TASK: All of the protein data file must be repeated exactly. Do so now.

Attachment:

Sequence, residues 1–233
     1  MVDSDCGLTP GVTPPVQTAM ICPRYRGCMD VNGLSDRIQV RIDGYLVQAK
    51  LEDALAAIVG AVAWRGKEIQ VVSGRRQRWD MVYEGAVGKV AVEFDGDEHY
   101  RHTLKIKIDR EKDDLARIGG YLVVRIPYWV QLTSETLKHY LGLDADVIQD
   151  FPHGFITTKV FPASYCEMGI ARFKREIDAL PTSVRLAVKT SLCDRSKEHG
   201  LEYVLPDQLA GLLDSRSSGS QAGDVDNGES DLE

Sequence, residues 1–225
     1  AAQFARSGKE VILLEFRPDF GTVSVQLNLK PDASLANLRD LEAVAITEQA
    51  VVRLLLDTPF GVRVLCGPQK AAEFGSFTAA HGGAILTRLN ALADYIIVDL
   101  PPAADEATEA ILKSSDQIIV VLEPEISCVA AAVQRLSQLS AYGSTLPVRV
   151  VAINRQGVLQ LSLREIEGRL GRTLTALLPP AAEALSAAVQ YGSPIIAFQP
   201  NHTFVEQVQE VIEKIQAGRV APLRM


Sequence, residues 1–233
     1  MVDSDCGLTP GVTPPVQTAM ICPRYRGCMD VNGLSDRIQV RIDGYLVQAK
    51  LEDALAAIVG AVAWRGKEIQ VVSGRRQRWD MVYEGAVGKV AVEFDGDEHY
   101  RHTLKIKIDR EKDDLARIGG YLVVRIPYWV QLTSETLKHY LGLDADVIQD
   151  FPHGFITTKV FPASYCEMGI ARFKREIDAL PTSVRLAVKT SLCDRSKEHG
   201  LEYVLPDQLA GLLDSRSSGS QAGDVDNGES DLE

Sequence, residues 1–225
     1  AAQFARSGKE VILLEFRPDF GTVSVQLNLK PDASLANLRD LEAVAITEQA
    51  VVRLLLDTPF GVRVLCGPQK AAEFGSFTAA HGGAILTRLN ALADYIIVDL
   101  PPAADEATEA ILKSSDQIIV VLEPEISCVA AAVQRLSQLS AYGSTLPVRV
   151  VAINRQGVLQ LSLREIEGRL GRTLTALLPP AAEALSAAVQ YGSPIIAFQP
   201  NHTFVEQVQE VIEKIQAGRV APLRM